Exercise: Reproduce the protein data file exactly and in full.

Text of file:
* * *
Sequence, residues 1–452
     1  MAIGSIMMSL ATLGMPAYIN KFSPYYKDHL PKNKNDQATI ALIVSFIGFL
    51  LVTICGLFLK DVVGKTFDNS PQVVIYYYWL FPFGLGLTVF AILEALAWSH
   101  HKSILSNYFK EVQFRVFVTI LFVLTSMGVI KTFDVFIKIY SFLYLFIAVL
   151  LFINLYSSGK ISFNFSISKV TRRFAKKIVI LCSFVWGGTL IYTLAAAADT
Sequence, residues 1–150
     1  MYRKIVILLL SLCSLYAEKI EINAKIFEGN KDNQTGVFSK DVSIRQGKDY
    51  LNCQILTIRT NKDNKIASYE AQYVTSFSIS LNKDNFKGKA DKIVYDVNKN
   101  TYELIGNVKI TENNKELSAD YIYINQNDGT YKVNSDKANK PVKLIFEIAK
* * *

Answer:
Sequence, residues 1–452
     1  MAIGSIMMSL ATLGMPAYIN KFSPYYKDHL PKNKNDQATI ALIVSFIGFL
    51  LVTICGLFLK DVVGKTFDNS PQVVIYYYWL FPFGLGLTVF AILEALAWSH
   101  HKSILSNYFK EVQFRVFVTI LFVLTSMGVI KTFDVFIKIY SFLYLFIAVL
   151  LFINLYSSGK ISFNFSISKV TRRFAKKIVI LCSFVWGGTL IYTLAAAADT
Sequence, residues 1–150
     1  MYRKIVILLL SLCSLYAEKI EINAKIFEGN KDNQTGVFSK DVSIRQGKDY
    51  LNCQILTIRT NKDNKIASYE AQYVTSFSIS LNKDNFKGKA DKIVYDVNKN
   101  TYELIGNVKI TENNKELSAD YIYINQNDGT YKVNSDKANK PVKLIFEIAK